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Roylance v. Carney

United States District Court, N.D. California, San Jose Division

April 23, 2014

GERALD ROYLANCE, Plaintiff,
v.
JOSEPH CARNEY, et al., Defendants.

ORDER GRANTING-IN-PART DEFENDANTS' MOTION TO DISMISS (RE: DKT NO. 22)

PAUL S. GREWAL, Magistrate Judge.

Before the court is Defendants Joseph and Sean Carney's motion to dismiss pursuant to Fed.R.Civ.P. 12(b)(2) and 12(b)(6).[1] Plaintiff Gerald Roylance opposes. The parties appeared for a hearing.[2] After considering the arguments, both at the hearing and in the papers, the court GRANTS the Carneys' motion, but only IN PART.

I. BACKGROUND

Gerald Roylance, a resident of Mountain View, alleges that Defendants Joseph Carney, Sean Carney, Environmental Safety International, Inc., Environmental Products Inc., Septic Safety, Inc. and D.J.C. Holding Corporation violated the Telephone Consumer Protection Act by engaging in unlawful telemarketing.[3] Roylance specifically alleges he received two unlawful telephone solicitations on his home telephone in 2009 and 2011.[4] Roylance alleges the Carneys are residents of New Jersey.[5]

The complaint alleges Joseph is the president of one or more of defendant corporations, that Joseph "controls or controlled" the corporations, that Joseph's name was "involved" in the shipment of a product, that a 2004 FCC citation issued against the defendant corporations was sent to Joseph's attention, that Joseph's name was included in a brochure and that letters from plaintiff were addressed to Joseph.[6]

The complaint alleges Sean is the vice president of one or more of the defendant corporations, that Sean "controls or controlled" them, that a 2004 FCC citation issued against defendant corporations was sent to Sean's attention and that plaintiff sent Sean a letter.[7] The complaint also alleges:

Many defendants share telephone numbers, addresses, common control, and offer the same or similar products. On information and belief, many defendant entities are alter egos of each other and/or the individual defendants.[8]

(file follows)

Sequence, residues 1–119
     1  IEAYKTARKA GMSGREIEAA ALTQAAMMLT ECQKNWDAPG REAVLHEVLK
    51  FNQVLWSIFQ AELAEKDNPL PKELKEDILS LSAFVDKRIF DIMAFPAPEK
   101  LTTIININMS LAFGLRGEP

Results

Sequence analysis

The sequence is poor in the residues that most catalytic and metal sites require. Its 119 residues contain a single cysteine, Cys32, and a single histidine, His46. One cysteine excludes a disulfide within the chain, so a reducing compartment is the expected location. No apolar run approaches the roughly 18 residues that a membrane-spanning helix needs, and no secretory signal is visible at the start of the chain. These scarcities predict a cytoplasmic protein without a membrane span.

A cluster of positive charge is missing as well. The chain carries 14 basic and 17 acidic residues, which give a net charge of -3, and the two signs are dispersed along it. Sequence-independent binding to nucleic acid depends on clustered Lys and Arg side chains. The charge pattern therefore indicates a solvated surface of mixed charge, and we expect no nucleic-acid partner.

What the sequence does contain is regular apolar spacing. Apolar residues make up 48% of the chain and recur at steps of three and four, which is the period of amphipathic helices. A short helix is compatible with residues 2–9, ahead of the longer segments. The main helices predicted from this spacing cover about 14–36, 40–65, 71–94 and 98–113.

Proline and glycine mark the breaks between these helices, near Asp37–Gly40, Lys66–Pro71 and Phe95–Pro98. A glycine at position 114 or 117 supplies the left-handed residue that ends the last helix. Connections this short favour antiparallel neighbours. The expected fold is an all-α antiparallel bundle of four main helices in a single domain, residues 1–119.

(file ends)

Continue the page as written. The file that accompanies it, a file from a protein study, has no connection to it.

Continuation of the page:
No other allegations are directed towards Joseph and Sean.

As previewed above, Roylance's complaint arises from an unsolicited telephone solicitation for a product called Activator 1000 on September 14, 2009.[9] Roylance responded to the solicitation and left a message.[10] Roylance then received a telephone call from a person named Dan Taylor who said his company was called Activator 1000.[11] Roylance purchased the solicited product, [12] later received telephone calls seeking payment for that purchase[13] and after receiving the product sent a "cancellation letter" to Joseph at a company not named as a defendant, asking for a return shipping address.[14] Roylance received a return shipping label, returned the product, and filed a submission with the FCC.[15] Roylance also sent a letter demanding to be placed on the "company specific do-not-call list" and that he be provided the company do-not-call policy, which Roylance claims was never received.[16]

Roylance alleges he received a second unsolicited call on April 6, 2011 from "Tom" with "Septic Care" who knew that he had purchased Activator 1000 before and offered him Activator 2000.[17] Roylance complained that he was on a do-not-call list and asked for a company name and address, which was not provided.[18] Roylance orally demanded to be placed on the do-not-call list of the unspecified company and that he be provided with a copy of the do-not-call policy, which was never received.[19]

Based on these alleged facts, Roylance prayer seeks damages for ten violations of the TCPA, [20] trebling[21] and punitive damages.[22] Roylance additionally brings state law claims for unfair business practices and unfair advertising for which he seeks injunctive relief only.[23] Roylance also requests attorney's fees even though he is pro se.[24]

II. LEGAL STANDARDS

A. Fed.R.Civ.P. 12(b)(2)

"In a motion challenging personal jurisdiction pursuant to Rule 12(b)(2) of the Federal Rules of Civil Procedure, the plaintiff, as the party seeking to invoke the jurisdiction of the federal court, has the burden of establishing that jurisdiction exists."[25] "Where, as here, there is no federal statute that governs personal jurisdiction, the Court must apply the law of the state in which it sits."[26] In this case, because "California's long-arm jurisdictional statute is coextensive with federal due process requirements, the jurisdictional analyses under state law and federal due process are the same."[27] That is, for this court to exercise personal jurisdiction over Defendants, each ...


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